I want to say thank you to Ian Macfarlane, the Industry Minister, for the work he’s done. He is evangelical about ensuring that our industries are ready to face the future. Thank you to Ian and thank you to Simon and now Ian and then Simon will add to these remarks.

INDUSTRY MINISTER:

Thanks, PM. The future of manufacturing in Australia is in the area of advanced manufacturing, high tech, high value goods that we sell in the global supply chains so we sell the products all over the world. They key to it is to put science in the middle of industry policy. Later this morning, I’ll be announcing the new Chairman of CSIRO who will assist that drive to have science and industry work hand-in-hand to make sure we produce the innovative, high value advanced manufacturing jobs here in Australia and particularly here in Geelong.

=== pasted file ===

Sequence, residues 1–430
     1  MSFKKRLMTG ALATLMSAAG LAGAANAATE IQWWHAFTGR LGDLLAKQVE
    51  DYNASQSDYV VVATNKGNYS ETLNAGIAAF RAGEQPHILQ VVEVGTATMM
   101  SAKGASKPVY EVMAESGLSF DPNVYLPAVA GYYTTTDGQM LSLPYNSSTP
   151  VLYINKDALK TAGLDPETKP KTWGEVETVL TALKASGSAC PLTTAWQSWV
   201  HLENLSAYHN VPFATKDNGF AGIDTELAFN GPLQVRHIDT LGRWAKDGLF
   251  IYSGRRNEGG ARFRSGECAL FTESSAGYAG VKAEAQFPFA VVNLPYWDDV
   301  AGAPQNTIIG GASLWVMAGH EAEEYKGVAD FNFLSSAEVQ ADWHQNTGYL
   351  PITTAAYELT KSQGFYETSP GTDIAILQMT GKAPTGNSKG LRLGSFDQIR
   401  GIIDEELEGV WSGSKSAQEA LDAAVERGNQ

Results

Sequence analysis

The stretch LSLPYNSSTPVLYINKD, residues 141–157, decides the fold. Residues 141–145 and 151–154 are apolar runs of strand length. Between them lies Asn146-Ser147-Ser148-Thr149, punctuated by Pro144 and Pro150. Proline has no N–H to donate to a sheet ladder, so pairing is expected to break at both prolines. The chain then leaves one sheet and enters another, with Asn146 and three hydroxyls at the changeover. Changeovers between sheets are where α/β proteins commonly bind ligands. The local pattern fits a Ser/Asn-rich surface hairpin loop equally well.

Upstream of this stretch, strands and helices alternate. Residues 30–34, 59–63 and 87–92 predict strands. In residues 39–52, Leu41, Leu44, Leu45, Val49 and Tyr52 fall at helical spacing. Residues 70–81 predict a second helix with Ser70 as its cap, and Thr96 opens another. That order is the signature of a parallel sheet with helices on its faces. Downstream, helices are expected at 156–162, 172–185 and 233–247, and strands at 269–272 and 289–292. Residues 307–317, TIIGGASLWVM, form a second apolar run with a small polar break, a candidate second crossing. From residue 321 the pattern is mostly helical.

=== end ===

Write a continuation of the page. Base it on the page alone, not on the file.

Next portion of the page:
Geelong has a long, long record of producing highly sophisticated goods. That record is going to be added to today as Geelong takes the next step with the Advanced Manufacturing Growth Centre being established here and driving the jobs of the 21st century – jobs like the 100 jobs that have been created at Carbon Revolution that I saw this morning – jobs that weren’t there two years ago, jobs, for example, for one of the Ford employees who’s left old manufacturing and has now for a long-term job producing a product that no one else in the world is producing.

ASSISTANT EDUCATION MINISTER:

Thanks very much, Prime Minister. Nothing is more important for the skilling of young Australians than making sure that the skills they get are relevant to the jobs of today and the future. The Pathways in Technology pilot that we’re operating here in Geelong and also in Ballarat is about ensuring that young people in the school environment are getting skills in science, technology, engineering and mathematics that are relevant to the jobs of the future. We can best guarantee the relevancy of those skills by having real businesses working alongside teachers and the schools themselves to actually deliver training in the schools and work opportunities for those students within their businesses.